It was also important for them to acknowledge and reciprocate all of the love and support that we got from our guests over the last 30+ years. To honor them, they wrote and printed personalized messages on each and every place card. We thanked them individually for their contributions to our lives and to our relationship.
There were lots of little details and touches for their guests. They wanted them to have a rich and meaningful experience, so they tried to support them while they were busy celebrating us.
How did you honor your religions and cultures? We honored them in numerous way. Prior to the ceremony we signed the Persian wedding contract and the Ketubah, the Jewish wedding contract. We had a full Persian wedding ceremony at the Sofreh that was officiated by an Imam – Dr. Sam Hashem Hosseini. Every aspect of the Sofreh and all of its symbolism was explained to guests. Michael even spoke some Farsi.
That was followed by a full Jewish ceremony under the Chuppah. Maryam performed the Seven Circles and Michael did the ceremonial breaking of the glass. There was plenty of Persian dancing and a spirited Horah.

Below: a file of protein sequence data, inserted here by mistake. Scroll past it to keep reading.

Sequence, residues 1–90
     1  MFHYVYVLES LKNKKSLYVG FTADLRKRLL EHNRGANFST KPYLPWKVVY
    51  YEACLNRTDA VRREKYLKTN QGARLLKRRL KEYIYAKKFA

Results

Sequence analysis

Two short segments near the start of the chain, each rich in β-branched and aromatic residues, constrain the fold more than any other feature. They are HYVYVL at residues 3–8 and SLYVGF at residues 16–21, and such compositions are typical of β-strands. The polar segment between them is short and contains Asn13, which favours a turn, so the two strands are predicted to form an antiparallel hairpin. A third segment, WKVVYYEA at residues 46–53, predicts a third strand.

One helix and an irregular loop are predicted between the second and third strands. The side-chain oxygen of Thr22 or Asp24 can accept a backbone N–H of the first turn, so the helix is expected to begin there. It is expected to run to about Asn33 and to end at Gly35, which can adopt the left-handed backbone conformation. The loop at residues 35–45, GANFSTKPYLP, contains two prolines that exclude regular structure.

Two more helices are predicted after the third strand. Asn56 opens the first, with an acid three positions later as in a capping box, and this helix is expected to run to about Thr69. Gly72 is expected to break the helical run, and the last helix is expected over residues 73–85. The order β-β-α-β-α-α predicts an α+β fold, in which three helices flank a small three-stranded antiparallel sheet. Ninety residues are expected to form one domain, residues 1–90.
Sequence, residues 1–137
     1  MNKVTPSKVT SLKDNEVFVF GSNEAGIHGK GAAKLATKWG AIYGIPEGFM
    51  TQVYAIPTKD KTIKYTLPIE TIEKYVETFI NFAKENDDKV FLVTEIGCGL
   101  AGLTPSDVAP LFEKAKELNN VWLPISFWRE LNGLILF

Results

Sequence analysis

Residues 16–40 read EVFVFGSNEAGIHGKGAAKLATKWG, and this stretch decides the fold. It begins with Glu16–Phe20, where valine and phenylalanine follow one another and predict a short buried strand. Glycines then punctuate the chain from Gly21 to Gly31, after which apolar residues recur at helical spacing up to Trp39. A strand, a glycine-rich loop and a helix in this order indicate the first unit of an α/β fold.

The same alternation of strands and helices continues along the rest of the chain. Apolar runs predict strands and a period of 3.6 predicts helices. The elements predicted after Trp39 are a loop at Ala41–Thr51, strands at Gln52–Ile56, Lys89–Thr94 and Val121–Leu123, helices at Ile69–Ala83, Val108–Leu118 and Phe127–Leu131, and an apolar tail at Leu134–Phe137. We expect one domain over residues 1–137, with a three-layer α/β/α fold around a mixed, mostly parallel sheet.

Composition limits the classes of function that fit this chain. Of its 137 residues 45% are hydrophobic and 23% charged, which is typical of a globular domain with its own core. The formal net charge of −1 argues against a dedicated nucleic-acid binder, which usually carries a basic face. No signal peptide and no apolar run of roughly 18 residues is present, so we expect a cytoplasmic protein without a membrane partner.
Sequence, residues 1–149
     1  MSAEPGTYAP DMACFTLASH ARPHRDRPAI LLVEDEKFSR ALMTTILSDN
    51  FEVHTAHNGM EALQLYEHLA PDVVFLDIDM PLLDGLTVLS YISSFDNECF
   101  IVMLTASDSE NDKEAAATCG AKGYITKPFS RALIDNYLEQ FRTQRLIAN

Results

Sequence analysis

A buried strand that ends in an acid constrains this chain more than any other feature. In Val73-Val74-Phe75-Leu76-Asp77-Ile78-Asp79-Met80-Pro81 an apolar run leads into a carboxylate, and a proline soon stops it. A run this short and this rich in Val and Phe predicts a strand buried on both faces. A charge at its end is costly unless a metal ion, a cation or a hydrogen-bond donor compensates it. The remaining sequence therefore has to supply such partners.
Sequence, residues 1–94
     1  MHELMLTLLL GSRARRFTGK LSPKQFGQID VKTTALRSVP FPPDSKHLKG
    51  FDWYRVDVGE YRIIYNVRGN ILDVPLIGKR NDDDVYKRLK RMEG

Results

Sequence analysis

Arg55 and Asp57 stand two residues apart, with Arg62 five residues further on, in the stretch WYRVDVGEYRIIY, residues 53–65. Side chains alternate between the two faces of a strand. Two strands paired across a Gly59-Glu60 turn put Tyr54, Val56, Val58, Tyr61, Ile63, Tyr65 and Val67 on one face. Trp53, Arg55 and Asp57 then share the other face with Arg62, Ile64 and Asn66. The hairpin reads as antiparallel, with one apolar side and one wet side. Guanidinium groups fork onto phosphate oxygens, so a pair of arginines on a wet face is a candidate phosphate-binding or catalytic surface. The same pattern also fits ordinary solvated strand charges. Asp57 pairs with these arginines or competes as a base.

What was your inspiration behind the wedding? The word “will” has a lot of meaning to us. Willard Hotel is our favorite hotel in Washington, DC. It’s motto “hang in there” speaks to the fierce dedication, determination, and will required for love to flourish and endure throughout a lifetime of marriage. We’ve always believed that when mutual love and support are paired with willpower and strength of will, then anything is possible. Many will say it’s difficult to merge Judaism and Islam together and make it last for decades, but we think its very much possible so long as we have the will to support and uplift each other day after day and year after year. When a person dies, a will gives one’s resources and financial support to their beloved. We think that’s the recipe for our living years too. Every minute of every day offers an opportunity to give someone else companionship support, esteem support, emotional support, information support, instrumental support, etc. It’s an opportunity to understand them, relate to them and to support their dreams. Funny enough, we love the word “will” so much that we even honeymooned in “Anguilla” (pronounced Ang-will-ah).
All images courtesy of Arvin @ Arvin Photography.